The New Zealand Ministry of Health has implemented a new software platform from IBM to support the personalised health records of all patients throughout New Zealand. Known as the Health Identity Programme, the platform aims to improve the quality and availability of accessible health information for providers, such as District Hospital Boards (DHBs), general practitioners (GPs) and pharmacists.
The Programme aims to provide a unified system that incorporates the National Health Index (NHI) and healthcare provider index to ensure consistency and accuracy. The software, which is built on IBM’s Infosphere Master Data Management, is intended to improve patient safety and reduce back-office costs, while laying the foundation for future, smarter initiatives such as sharing records between patients and providers,and improving care co-ordination.
National Health IT board director, Graeme Osborne said, “The Health Identity Programme is a major, sector-wide project to upgrade key technology underpinning health care delivery. This important infrastructure investment will enhance person-centred care, reduce the cost of maintaining a national identity service, and enable secure access to shared care records.”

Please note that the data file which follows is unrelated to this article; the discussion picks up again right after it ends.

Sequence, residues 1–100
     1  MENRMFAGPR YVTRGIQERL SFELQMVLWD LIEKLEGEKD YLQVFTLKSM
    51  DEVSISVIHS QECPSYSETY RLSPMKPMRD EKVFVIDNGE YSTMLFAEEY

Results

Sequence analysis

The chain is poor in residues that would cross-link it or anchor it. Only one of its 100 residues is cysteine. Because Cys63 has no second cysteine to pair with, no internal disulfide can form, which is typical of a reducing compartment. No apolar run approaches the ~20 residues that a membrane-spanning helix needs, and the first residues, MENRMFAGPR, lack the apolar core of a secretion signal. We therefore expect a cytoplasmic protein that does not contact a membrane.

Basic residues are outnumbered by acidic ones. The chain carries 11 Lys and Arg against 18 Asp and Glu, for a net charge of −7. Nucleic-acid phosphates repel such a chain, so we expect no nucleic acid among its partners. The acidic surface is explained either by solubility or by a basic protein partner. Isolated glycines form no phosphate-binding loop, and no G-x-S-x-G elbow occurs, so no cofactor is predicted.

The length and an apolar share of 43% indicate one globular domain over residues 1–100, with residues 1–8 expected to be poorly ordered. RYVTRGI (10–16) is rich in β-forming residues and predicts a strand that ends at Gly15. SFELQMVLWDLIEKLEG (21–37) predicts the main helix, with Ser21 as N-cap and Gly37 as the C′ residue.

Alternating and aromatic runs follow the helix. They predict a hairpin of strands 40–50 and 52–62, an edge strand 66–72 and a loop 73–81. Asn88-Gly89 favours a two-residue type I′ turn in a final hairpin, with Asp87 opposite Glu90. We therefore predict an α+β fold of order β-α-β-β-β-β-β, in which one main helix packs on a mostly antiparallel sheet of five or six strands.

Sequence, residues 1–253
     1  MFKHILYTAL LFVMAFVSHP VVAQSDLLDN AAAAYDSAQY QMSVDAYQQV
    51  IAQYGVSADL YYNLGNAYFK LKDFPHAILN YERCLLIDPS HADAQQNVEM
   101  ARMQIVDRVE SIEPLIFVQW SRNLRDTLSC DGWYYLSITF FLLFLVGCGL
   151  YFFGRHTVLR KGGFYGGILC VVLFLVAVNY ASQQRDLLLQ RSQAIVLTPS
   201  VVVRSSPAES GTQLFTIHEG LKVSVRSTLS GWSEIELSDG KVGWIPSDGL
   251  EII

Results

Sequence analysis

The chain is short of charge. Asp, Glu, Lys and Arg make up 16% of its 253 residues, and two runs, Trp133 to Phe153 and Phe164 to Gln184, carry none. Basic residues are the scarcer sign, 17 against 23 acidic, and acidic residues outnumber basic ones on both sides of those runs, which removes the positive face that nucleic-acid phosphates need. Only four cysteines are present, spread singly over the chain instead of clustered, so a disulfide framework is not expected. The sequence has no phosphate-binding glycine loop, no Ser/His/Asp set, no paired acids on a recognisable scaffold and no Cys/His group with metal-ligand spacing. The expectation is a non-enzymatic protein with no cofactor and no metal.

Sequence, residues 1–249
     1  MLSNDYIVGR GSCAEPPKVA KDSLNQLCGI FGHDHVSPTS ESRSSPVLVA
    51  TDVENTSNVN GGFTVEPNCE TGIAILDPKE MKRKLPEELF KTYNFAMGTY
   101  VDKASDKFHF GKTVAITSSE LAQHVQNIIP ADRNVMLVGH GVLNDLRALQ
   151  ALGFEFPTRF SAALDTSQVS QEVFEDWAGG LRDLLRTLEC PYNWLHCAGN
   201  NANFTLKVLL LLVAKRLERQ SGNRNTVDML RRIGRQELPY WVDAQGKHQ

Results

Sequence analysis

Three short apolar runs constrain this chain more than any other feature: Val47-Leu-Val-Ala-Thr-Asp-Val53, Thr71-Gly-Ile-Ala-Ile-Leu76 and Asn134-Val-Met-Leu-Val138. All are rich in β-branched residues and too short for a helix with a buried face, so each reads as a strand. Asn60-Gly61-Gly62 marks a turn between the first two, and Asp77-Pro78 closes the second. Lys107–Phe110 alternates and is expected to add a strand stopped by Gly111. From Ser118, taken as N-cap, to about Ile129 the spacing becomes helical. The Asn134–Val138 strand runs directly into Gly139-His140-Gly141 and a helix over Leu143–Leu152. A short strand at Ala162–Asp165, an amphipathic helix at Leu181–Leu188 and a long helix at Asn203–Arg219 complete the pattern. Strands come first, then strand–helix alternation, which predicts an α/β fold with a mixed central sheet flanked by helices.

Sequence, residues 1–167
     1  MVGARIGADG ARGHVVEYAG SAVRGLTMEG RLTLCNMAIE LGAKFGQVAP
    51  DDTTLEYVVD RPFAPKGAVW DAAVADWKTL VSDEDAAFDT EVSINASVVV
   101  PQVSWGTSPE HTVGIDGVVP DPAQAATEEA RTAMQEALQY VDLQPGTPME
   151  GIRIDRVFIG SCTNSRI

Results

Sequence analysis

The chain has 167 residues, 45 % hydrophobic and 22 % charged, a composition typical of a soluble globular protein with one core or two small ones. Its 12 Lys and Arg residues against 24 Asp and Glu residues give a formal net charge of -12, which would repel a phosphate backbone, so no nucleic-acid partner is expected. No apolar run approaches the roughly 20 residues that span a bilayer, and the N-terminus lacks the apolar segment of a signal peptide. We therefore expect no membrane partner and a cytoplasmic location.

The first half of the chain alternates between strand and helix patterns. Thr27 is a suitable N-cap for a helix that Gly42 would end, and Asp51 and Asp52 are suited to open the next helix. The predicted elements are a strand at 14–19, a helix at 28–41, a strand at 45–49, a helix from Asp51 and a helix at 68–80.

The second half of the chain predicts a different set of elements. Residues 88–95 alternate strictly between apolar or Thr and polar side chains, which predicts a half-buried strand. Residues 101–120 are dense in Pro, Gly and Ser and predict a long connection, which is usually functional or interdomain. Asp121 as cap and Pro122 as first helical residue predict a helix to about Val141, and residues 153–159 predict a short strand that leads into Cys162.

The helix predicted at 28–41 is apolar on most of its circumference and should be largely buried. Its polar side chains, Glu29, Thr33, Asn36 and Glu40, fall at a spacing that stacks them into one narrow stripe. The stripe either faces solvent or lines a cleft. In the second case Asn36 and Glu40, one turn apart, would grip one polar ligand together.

The NHI assigns a unique number to every individual who receives health services in New Zealand ensuring their personal details are correctly associated with their patient record. The Ministry of Health estimates about 98% of the population has an NHI number. The Healthcare Provider Index accurately identifies physicians, facilities and organisations involved in each patient’s care.
Eran Horovitz, solutions architect, software group, IBM Australia and New Zealand said, “In the world of Big Data, accurate identification of each person receiving or providing healthcare services, as well as anyone accessing or using this information, is paramount for providing a smarter healthcare ecosystem. The Health Identity Programme provides the strategic infrastructure necessary to deliver this functionality and supports the goals of the National Health IT Plan to transform healthcare delivery for New Zealanders."
The new system uses industry standard HL7 interfaces and web services to minimise duplication of records between different healthcare providers and offer greater flexibility for integration with other healthcare systems.
Eliminating duplicate records and creating a single, trusted source of patient data is required for future innovations such as local population analysis, planning and targeting of services, or mapping disease incidence and other trends by geography.